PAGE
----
No matter how tough it gets in the classroom, the third wonder of teaching is not a one-off experience that can be evaluated or measured in a single lesson; a scheme of work and dare I say, a single year. As I spoke to my NQTs (Newly Qualified Teachers) last week, I spoke to them about the 5-year itch and the 40% attrition rate for qualified teachers in England and Wales. I spoke to them about why teaching was a lifetime’s craft and that they should do all that they can to develop their repertoire throughout the early years of their career. Of course, this is all subjective and dependent of the support they receive in school and the individual circumstances that befall each of them.
In my training session, I set about challenging them to understand, that to become consistently Good, however we define this, cannot be achieved in one single year. Instead, I asked them “how do we ensure teachers can be consistently Good … and grow to love teaching so that they can stay in the classroom longer than 5 years.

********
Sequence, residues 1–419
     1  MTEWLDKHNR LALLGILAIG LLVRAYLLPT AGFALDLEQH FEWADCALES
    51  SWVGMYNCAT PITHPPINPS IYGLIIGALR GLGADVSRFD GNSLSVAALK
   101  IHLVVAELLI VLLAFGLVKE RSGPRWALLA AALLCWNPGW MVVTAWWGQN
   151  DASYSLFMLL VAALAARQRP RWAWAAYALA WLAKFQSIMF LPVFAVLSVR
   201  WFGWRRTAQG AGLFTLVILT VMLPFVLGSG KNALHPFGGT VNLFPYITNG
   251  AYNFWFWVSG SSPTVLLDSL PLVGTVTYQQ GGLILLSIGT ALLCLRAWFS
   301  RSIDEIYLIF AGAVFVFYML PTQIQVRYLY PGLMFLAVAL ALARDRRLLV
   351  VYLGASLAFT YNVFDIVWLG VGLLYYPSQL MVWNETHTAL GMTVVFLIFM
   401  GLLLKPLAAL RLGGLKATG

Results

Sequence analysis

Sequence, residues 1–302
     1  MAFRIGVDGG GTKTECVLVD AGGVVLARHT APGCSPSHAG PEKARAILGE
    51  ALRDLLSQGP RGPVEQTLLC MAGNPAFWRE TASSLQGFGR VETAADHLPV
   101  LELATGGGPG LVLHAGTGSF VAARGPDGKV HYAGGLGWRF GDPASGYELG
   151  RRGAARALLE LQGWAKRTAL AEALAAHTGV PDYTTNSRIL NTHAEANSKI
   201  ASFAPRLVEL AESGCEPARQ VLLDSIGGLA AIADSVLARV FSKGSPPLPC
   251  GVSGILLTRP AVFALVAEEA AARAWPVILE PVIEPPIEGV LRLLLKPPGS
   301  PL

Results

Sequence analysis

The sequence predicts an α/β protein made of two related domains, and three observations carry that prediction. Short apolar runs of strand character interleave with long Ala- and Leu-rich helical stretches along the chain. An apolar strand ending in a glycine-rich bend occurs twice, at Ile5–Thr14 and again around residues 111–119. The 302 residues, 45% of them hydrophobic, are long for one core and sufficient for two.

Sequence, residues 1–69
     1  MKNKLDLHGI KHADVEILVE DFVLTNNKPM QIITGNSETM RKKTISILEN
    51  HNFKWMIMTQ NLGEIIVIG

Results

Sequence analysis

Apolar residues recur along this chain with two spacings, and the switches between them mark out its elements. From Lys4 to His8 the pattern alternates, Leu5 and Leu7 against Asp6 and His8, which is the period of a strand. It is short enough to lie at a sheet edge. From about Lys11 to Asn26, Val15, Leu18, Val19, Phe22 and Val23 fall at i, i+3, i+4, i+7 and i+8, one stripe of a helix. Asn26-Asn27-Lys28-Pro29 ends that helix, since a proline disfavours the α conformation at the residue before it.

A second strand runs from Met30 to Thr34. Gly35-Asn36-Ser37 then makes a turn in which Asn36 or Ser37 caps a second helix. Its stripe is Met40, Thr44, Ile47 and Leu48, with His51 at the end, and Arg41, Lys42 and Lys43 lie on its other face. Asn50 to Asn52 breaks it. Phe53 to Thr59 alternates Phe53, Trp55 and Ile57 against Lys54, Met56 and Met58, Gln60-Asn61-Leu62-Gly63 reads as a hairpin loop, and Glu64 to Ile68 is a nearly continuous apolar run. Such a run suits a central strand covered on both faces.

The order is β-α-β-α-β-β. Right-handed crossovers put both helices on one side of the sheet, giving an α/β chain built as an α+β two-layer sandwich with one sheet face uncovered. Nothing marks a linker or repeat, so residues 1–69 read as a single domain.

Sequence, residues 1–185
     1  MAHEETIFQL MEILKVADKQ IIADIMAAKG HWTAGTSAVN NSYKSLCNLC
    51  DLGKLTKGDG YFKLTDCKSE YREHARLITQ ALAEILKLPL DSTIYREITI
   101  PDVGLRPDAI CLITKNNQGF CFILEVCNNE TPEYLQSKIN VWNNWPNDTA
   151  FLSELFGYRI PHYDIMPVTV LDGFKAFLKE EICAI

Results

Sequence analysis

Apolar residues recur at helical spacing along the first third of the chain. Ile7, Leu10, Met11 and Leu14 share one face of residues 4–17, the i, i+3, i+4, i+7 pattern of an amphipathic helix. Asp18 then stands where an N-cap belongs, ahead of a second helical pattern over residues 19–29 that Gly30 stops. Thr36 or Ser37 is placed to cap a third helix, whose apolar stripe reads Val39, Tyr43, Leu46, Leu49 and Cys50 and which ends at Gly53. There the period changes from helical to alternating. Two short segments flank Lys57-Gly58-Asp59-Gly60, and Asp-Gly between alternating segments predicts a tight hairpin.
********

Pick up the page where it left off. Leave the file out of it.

Following a discussion, I showed them a detailed version of this video clip of myself in the classroom (blog context here in full) and asked them all to evaluate what they saw and what they thought may be happening day-in-day-out over a longer period of time. It was a very powerful moment to hear their feedback and know that the future of teaching and learning, and how we assess the quality of teaching and learning is in our own hands.
Given the fact that lesson gradings have been eradicated from the Ofsted framework, we are now in control to truly develop teachers and teaching and learning. It is only a matter of time before all teachers will be inviting each other into classrooms for developmental purposes only.
4. Wider School Contributions: